Orbital Science shares crashing after rocket explosion

An unmanned Antares rocket is seen exploding seconds after lift off from a commercial launch pad in this still image from NASA video at Wallops Island, Virginia October 28, 2014. The 14-story rocket, built and launched by Orbital Sciences Corp, bolted off its seaside launch pad at the Wallops Flight Facility at 6:22 p.m. EDT/2222 GMT. It exploded seconds later. The cause of the accident was not immediately available. REUTERS/NASA TV/Handout via Reuters (UNITED STATES - Tags: SCIENCE TECHNOLOGY DISASTER TPX IMAGES OF THE DAY) FOR EDITORIAL USE ONLY. NOT FOR SALE FOR MARKETING OR ADVERTISING CAMPAIGNS. THIS IMAGE HAS BEEN SUPPLIED BY A THIRD PARTY. IT IS DISTRIBUTED, EXACTLY AS RECEIVED BY REUTERS, AS A SERVICE TO CLIENTS - RTR4BYKF
Photograph by NASA — Reuters

An unmanned NASA-contracted rocket exploded shortly after takeoff earlier this evening, and now the rocket manufacturer’s stock price is going up in smoke.

Orbital Science (ORB), which has a $1.9 billion contract with NASA for eight supply flights to the International Space Station, had seen its stock climb nearly 3% in market trading today, ahead of the launch. But tonight it’s off more than 15.5%, falling from $30.37 per share to $25.65 per share.

That’s more than $287 million in lost market cap, and also raises questions about the pending merger of Orbital’s aerospace and defense group with Alliant Techsystems Inc. (ATK). The two companies announced the merger on April 29, when Orbital stock opened at $34.02 per share and closed at $30.96 per share. Shareholders of both companies are scheduled to vote on the deal December 9. ATK stock is unchanged in aftermarket trading.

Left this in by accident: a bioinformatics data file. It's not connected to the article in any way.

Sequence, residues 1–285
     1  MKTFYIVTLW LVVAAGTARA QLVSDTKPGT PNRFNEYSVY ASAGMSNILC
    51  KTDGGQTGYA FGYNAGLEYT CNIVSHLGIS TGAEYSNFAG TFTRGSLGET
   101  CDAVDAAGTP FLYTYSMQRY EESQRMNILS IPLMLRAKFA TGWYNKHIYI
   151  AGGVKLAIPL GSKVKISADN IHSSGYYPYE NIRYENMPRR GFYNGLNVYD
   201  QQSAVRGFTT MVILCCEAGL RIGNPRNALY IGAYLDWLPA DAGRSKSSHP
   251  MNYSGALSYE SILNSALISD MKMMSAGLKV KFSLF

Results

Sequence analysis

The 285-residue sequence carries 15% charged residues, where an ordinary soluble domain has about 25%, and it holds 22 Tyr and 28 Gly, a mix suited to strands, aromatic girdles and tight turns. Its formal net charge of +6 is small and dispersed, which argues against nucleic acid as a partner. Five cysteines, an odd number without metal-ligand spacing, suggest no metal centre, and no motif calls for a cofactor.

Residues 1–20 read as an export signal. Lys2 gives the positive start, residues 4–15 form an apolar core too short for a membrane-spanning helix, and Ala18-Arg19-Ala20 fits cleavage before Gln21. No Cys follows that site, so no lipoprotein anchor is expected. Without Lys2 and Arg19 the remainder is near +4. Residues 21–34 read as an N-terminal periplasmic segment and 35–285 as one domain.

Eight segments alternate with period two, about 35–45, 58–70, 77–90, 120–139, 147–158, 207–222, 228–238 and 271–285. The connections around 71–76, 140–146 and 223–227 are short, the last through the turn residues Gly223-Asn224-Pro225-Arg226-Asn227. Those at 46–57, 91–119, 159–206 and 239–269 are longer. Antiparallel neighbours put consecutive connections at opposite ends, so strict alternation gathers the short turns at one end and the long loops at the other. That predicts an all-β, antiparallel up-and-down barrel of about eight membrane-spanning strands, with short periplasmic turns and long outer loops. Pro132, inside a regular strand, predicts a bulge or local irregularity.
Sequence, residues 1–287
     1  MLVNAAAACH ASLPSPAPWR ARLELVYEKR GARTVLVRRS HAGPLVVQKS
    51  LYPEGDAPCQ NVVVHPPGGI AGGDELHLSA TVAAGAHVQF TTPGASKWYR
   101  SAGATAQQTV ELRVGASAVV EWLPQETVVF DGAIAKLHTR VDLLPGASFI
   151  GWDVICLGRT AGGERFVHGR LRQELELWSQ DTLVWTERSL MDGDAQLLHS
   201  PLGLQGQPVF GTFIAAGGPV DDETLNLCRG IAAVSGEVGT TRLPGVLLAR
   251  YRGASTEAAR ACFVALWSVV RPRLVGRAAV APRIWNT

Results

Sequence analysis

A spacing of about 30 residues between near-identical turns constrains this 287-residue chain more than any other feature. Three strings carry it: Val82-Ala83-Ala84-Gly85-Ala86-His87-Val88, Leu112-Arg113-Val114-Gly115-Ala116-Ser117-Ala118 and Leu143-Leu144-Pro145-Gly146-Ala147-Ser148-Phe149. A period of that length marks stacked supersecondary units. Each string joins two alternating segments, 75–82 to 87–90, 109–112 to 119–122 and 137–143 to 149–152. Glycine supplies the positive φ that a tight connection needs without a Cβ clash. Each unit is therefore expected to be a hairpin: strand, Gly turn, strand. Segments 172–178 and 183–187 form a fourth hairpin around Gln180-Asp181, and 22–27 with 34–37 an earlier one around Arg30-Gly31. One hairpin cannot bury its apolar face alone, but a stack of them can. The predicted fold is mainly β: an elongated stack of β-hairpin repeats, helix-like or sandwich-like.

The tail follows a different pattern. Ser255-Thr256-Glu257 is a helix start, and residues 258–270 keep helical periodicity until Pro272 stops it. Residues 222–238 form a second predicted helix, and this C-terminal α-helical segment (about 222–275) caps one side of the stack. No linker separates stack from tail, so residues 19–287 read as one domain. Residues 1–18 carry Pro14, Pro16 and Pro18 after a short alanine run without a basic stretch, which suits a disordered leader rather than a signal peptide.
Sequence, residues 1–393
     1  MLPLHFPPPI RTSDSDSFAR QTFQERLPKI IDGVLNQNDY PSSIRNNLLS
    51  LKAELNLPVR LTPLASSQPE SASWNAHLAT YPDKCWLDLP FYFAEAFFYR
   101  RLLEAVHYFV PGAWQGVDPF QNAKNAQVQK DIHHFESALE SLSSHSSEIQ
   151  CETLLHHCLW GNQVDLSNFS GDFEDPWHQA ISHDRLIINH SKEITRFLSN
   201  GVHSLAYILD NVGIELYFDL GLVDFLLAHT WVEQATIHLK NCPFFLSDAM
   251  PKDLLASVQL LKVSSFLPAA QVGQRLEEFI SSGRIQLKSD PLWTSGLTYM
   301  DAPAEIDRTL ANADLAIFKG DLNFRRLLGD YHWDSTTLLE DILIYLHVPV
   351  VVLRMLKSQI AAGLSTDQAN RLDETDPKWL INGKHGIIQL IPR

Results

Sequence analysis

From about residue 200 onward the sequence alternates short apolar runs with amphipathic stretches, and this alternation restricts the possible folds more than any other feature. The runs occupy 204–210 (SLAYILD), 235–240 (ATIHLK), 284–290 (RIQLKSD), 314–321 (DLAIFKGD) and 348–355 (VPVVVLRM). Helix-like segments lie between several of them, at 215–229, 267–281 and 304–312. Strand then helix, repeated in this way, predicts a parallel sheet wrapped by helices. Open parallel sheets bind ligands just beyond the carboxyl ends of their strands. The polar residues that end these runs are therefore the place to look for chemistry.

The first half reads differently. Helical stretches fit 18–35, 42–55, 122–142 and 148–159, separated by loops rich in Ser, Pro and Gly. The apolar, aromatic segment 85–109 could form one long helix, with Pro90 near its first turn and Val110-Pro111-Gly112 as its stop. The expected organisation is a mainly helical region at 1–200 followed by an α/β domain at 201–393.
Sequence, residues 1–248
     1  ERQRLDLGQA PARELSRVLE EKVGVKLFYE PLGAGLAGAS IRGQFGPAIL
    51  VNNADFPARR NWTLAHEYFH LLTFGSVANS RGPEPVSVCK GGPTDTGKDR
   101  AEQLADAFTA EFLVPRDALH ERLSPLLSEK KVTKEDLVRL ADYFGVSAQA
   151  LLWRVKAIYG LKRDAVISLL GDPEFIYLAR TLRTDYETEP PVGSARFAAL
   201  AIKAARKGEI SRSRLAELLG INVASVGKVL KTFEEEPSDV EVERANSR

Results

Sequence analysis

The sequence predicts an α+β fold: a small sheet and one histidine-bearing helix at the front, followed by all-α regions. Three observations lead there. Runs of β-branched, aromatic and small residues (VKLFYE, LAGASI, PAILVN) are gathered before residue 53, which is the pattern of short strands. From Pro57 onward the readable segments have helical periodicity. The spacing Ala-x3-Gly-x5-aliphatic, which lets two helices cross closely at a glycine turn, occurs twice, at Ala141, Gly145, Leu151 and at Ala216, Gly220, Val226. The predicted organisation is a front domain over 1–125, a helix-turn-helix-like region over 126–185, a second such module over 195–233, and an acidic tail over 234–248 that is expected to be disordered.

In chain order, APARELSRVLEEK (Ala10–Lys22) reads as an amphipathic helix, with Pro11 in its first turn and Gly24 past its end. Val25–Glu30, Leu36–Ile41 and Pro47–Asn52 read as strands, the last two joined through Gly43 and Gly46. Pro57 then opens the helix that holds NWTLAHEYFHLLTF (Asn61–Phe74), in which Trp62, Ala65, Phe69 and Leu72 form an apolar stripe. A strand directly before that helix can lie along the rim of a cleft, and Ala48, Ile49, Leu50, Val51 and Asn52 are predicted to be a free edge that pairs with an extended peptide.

In a statement this evening, Orbital said the following:

Shortly after lift-off from the Mid-Atlantic Regional Spaceport Pad 0A at 6:22 p.m. (EDT), the vehicle suffered a catastrophic failure. According to NASA’s emergency operations officials, there were no casualties and property damage was limited to the south end of Wallops Island. Orbital has formed an anomaly investigation board, which will work in close coordination with all appropriate government agencies, to determine the cause of today’s mishap.

“It is far too early to know the details of what happened,” said Mr. Frank Culbertson, Orbital’s Executive Vice President and General Manager of its Advanced Programs Group. “As we begin to gather information, our primary concern lies with the ongoing safety and security of those involved in our response and recovery operations. We will conduct a thorough investigation immediately to determine the cause of this failure and what steps can be taken to avoid a repeat of this incident. As soon as we understand the cause we will begin the necessary work to return to flight to support our customers and the nation’s space program.”

NASA reports that all of its personnel are accounted for, and there are no reports of injuries on the ground.

Orbital previously launched three rockets with attached cargo ships under its NASA contract (one of which was a demo). NASA also has a similar contract with Elon Musk’s SpaceX.

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